How the digital dollar proposed for coronavirus recovery could transform identity

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The coronavirus has accelerated a move toward a public option for digital wallets that would tie government authentication to payment transactions. If successful, this could be the catalyst for a national digital identity system.

“The whole notion of a central bank digital currency and digital ID are linked,” said David Treat, senior managing director and global blockchain lead at Accenture, which is participating as part of a non-profit organization to work with different stakeholders on central bank digital currencies. The group has worked with central bank digital currency projects for the European Central Bank, the Bank of Canada and Sweden’s Riksbank.

The difference between a CBDC and tokenized bank money is portability. The digital dollars can be transferred similarly to a text message, and would fully integrate with the existing financial system.Central bank digital currencies, which would require a publically available digital wallet to receive, store and send funds, initially picked up steam as a response to Facebook's Libra cryptocurrency project. The coronavirus crisis, which is prompting relief in the form of government payouts to individuals and grants to businesses, has pushed the digital dollar concept further, since more government moves will likely be necessary.

Digital ID is part of these projects. In France, which this week accelerated its digital euro program, the call for applications details controls and supervision measures, as well as data to manage program participants.

In the U.S., the digital dollar was dropped from the most recent stimulus package, though there are still several proposed bills in Congress from Rep. Maxine Waters (D, Calif) and Sen. Sherrod Brown (D-Ohio).

It's likely that digital dollars, a central bank digital currency or a government-supported digital wallet will resurface in future coronavirus recovery bills as businesses attempt to reopen and consumers try to reenter the economy.

“Right now it’s just the beginning and there are more pressing problems to solve, but it’s something that will come back as the virus wanes a bit,” said Carlos Domingo, founder and CEO of Securitize, a tokenization platform.

As a security measure, many people want to eliminate the use of passwords, which are generally not usable across multiple environments, such as using credentials from a mobile banking app or for entry into a public building or workplace. There are hundreds of digital ID projects underway that attempt to fix that by using distributed ledgers, cloud hosting or other technology to decentralize authentication. That would create a digital identity that works more like a driver's license.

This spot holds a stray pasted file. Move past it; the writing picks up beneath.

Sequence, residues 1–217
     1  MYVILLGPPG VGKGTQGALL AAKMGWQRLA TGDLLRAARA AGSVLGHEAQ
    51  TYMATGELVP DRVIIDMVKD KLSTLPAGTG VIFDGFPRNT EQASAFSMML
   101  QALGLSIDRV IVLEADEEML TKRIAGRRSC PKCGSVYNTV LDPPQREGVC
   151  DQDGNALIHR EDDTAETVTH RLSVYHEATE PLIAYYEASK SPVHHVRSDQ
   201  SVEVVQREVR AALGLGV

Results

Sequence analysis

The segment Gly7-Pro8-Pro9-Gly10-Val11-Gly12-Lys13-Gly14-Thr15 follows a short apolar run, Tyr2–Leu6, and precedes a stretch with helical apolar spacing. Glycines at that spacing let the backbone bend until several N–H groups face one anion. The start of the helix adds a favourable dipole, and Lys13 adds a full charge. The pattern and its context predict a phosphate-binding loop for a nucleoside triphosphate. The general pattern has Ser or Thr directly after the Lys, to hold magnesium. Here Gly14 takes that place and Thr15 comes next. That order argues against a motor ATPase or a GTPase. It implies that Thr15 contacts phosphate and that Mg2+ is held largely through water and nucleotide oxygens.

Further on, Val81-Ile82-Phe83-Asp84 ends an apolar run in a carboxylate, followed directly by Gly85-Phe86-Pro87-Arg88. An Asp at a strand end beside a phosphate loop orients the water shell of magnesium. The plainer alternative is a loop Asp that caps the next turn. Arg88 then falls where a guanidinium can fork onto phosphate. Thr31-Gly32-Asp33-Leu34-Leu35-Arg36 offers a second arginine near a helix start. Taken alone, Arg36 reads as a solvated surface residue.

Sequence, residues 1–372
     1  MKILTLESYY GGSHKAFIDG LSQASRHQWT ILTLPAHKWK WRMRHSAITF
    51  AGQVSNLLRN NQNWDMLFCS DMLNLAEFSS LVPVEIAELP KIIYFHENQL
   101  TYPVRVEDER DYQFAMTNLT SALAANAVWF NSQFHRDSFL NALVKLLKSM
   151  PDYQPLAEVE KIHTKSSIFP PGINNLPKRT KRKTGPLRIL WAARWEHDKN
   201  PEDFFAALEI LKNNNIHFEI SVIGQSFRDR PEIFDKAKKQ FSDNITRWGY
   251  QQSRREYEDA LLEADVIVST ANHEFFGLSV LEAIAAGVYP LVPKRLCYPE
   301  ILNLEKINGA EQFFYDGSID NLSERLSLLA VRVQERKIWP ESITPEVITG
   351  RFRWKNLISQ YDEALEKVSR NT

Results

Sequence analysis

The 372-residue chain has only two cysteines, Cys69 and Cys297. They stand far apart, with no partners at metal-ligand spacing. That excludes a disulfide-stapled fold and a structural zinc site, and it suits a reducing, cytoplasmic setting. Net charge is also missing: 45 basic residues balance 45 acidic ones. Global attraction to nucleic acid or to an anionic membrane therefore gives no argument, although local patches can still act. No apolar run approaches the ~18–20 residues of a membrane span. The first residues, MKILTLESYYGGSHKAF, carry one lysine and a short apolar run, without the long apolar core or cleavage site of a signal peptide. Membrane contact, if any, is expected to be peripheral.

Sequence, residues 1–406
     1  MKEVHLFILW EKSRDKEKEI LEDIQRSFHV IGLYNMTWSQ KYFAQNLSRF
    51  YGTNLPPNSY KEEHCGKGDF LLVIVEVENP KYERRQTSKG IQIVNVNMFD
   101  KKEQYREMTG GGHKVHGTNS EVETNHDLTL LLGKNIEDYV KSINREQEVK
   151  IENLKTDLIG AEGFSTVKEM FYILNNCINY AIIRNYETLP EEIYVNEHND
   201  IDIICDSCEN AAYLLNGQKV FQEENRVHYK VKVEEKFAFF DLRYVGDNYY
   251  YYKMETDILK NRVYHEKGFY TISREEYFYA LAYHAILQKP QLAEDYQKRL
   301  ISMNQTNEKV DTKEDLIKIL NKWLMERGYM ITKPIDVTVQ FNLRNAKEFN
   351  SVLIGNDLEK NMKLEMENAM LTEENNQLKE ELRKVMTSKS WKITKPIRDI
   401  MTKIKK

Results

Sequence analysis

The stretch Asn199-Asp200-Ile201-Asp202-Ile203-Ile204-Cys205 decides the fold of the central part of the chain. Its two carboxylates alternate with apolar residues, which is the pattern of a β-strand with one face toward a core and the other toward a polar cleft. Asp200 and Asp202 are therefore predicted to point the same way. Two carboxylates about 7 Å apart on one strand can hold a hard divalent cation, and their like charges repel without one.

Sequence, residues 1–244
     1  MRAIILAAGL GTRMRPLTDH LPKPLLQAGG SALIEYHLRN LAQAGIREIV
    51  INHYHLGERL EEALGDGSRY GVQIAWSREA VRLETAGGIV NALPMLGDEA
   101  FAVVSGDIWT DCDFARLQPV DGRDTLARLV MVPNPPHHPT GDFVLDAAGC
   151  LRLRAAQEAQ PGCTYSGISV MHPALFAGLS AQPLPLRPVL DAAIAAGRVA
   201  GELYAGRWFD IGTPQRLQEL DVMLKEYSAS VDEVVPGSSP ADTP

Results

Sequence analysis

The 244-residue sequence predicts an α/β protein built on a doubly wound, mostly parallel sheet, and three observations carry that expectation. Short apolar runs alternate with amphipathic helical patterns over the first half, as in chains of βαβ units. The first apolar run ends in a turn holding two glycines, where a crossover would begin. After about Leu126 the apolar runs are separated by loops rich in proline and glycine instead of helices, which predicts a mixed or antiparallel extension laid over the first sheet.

“To produce this digital dollar system, a central bank will want a way to ensure the financial crime risk is limited and a digital ID system would allow that,” said Simon Taylor, head of ventures for 11:FS.

Several factors have held back progress for digital ID. The integrations between industries involves coordination among myriad parties on technology standards, for example. As such, companies have to cede some proprietary control to decentralize functions such as ID. And government-backed digital ID programs have advanced faster in countries with smaller financial networks, such as Canada.

A Fed-backed digital wallet wouldn’t get rid of these complexities by itself, but it would create a substantial base of users that would have a government ID that was usable for other public and private services.

“If you have a CBDC, you also need a wallet into which the digital tokens are put, along with credentials,” Treat said, adding there’s a wider ability to share those credentials with an employer, or in a health care setting, with the user in control of what part of that ID gets shared with whom. “These digital wallets store and hold these tokens, which is an important part of the innovation. As a second wave of innovation, this technology creates a more efficient way to identify people for other purposes from the wallet.”

There are some challenges to a federal digital ID, including privacy concerns.

“Places like India and China have introduced massive centralised biometric based identity systems, which make service provision much easier for the citizen but have questionable privacy implications," said Taylor. “Or we see a Scandinavian model where the banks themselves run the ID system.”

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